The musings of a final year medical student

Sunday, 30 August 2015

4 weeks post double jaw surgery.

Every week I'm tempted to start the post with 'Wow!'. But honestly, so much seems to happen as each week passes by.

I am amazed that 4 weeks ago I had my jaws broken and repositioned in a 5 hour operation... I still find it hard to believe.

I need to be honest. Last week, I mentioned some wobbles in my mood. This week has been far worse. I wanted to shy away from words like 'depressed' or 'desperate', but that is the honest truth. And that is the whole point of documenting this recovery process. There have been days or certain moments where I have felt incredibly helpless, depressed, distraught and frustrated. I have had very negative thoughts at times. I have thought about not eating or not getting up in the morning because "What's the point?". 

I'll elaborate further. I was lucky enough to go on holiday with my family last week to Spain. Both the surgeon and orthodontist were confident that this wouldn't be an issue. It just meant that I missed one week of appointments. And physically, I am recovering extremely well. 

On our travel day out to Spain, it was very hard to have enough liquids. I calculated that I only managed 523 calories that day. The problem was I never wanted to drink as then I would need a wee. And that's not always fun when you're on the window seat of a crowded EasyJet plane, or at the stinky, un-cleaned airport loos. I'm sorry, but when it comes to toilets I am unashamedly fussy. 

Each day the family would go to markets, supermarkets, tapas restaurants and ice cream parlours. I tried initially to go along with them, but it felt too painful watching them eat all that nice food! I also really enjoy speaking Spanish, but I was so self conscious of my elastics that I didn't want to talk to anyone. My Dad would constantly nag me to go out to dinner with them, which eventually led to me bursting into tears. I was so cross because I LOVE going out. I love spending time with my family. I wanted to do just that. But I honestly felt like I couldn't, I felt too embarrassed. I would get tired very quickly, or my jaw would start to ache after a day of trying to talk. Even at our villa, watching them have BBQ steaks and banana whilst I sipped on canned chicken soup was not fun. As I describe it to you now, it doesn't seem like much. It's just food. But honestly, I had quite a few breakdowns of uncontrollable sobbing. I want my life back. In that sense, I'm not a very good patient! I want to go out, be active, meet new people. I'm an extrovert and I like being busy. But the physical pain, emotional pain and embarrassment takes away those joys. There were times where I thought: "What's the point of living like this?".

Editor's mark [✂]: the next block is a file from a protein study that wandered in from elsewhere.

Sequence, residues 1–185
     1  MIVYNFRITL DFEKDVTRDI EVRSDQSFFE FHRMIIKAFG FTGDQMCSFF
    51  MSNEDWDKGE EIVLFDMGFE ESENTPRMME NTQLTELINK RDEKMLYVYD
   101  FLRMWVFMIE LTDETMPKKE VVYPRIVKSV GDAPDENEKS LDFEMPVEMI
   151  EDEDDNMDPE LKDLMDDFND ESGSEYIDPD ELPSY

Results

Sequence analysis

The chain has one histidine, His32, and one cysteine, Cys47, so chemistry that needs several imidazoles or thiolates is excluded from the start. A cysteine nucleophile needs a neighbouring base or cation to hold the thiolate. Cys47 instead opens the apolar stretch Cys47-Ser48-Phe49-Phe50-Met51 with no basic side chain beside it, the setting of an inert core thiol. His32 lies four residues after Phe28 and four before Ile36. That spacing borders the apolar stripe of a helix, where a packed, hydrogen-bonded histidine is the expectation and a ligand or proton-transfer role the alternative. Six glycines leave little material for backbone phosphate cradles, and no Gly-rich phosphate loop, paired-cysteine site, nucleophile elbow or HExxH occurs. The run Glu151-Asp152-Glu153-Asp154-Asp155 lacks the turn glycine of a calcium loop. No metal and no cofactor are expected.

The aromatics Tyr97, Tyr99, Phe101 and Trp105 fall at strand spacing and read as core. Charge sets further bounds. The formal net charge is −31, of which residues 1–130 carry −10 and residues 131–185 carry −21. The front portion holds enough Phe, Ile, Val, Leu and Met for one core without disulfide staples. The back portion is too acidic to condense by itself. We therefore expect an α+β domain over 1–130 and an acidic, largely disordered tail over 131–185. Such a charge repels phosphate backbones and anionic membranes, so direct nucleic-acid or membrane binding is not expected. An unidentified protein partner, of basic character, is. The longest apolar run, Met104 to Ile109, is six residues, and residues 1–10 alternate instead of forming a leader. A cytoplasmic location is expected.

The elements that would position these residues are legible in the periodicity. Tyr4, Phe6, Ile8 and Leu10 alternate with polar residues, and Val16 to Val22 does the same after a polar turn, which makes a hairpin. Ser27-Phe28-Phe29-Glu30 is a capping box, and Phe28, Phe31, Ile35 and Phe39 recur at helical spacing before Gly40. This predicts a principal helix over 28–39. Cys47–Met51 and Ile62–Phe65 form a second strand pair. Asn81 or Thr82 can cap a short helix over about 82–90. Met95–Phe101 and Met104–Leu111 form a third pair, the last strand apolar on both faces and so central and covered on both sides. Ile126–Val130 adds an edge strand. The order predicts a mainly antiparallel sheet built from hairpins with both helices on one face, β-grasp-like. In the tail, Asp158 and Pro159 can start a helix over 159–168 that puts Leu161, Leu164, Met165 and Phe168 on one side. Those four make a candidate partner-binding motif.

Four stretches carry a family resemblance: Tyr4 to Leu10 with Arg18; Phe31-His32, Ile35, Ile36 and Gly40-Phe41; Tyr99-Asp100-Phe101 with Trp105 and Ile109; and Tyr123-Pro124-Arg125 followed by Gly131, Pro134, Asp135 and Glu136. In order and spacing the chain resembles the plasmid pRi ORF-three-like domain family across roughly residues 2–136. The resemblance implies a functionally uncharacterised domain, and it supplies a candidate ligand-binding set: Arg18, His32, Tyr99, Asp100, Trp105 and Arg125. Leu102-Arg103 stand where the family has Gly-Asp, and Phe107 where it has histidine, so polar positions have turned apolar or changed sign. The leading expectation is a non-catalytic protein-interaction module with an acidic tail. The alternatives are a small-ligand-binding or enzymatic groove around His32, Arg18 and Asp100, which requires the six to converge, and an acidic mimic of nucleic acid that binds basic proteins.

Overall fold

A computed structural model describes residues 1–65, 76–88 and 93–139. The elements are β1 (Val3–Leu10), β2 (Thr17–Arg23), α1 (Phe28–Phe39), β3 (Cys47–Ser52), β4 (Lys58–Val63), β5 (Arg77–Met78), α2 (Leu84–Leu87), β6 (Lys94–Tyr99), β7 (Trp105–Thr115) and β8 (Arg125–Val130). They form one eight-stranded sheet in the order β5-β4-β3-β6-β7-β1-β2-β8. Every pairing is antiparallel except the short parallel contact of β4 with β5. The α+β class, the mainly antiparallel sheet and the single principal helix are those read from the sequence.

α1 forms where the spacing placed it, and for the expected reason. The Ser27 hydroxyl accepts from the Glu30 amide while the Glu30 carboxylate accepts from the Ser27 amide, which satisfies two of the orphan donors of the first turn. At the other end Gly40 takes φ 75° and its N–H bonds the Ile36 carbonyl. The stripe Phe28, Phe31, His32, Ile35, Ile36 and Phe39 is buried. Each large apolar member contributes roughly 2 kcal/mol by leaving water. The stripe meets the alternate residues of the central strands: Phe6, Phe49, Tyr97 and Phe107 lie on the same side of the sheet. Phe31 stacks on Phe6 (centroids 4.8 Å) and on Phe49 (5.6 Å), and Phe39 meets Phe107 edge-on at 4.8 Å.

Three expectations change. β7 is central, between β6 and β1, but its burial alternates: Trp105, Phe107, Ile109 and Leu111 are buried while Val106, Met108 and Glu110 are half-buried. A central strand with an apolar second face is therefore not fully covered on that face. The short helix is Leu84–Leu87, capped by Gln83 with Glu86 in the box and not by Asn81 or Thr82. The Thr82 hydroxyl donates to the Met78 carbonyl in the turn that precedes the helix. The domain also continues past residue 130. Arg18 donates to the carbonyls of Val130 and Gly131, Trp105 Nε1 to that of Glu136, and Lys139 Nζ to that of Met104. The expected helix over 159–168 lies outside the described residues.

The trip home was similar, but this time I didn't even touch 500 calories. I just wanted to crawl into bed. We had to drop my Granny home, and at her house our extended family were waiting to meet us. It was lovely to see them, but I felt uncomfortable with the attention. I kept raising my hand to my face, and then realising it was pointless. My granny kept asking why I wouldn't let her make me a smoothie, but I was not going to sit down and let all my family watch me slurp and dribble whilst they tucked in on fresh homemade cakes and chocolate-dipped strawberries. 

One of my elastics had snapped that morning so I just wanted to get home and try to put a new one on. This absolutely failed. My orthodontist told me to take a picture and then just "figure it out" if this ever were to happen. It's impossible! I can't get to the back of my mouth, the broken elastics won't come away. I'm trying to ring the maxfax on call doctors at my hospital and see if they can fix it. This frustration prompted another meltdown. 

I start medical school on 1st September and I'm scared. Scared because I won't be able to go out or have meals with my medic friends, but I don't want to be lonely. I also don't want them to pity me or feel like they have to look after me. I want to go out and enjoy my life, but I really do feel like a prisoner to my recovery. I understand that that does sound incredibly over-dramatic, but it is truly how I feel. I want the old me back; that never stops talking, goes out all the time and always has an opinion to share. Plus, the old Kate loved her food!! 

In many ways I was completely unprepared for this operation. Yes, I knew I'd be in hospital around 3 days, that the first 3 days are the worst, liquid diet for approximately 6-8 weeks, elastics for 6 weeks roughly..... But I had no idea it would have such a psychological effect. I really hope anyone undergoing this surgery thinks long and hard about it before making a decision. I still don't think I could do this again. 

Above: day 22

Above: day 23
Above: day 26
Above: day 28


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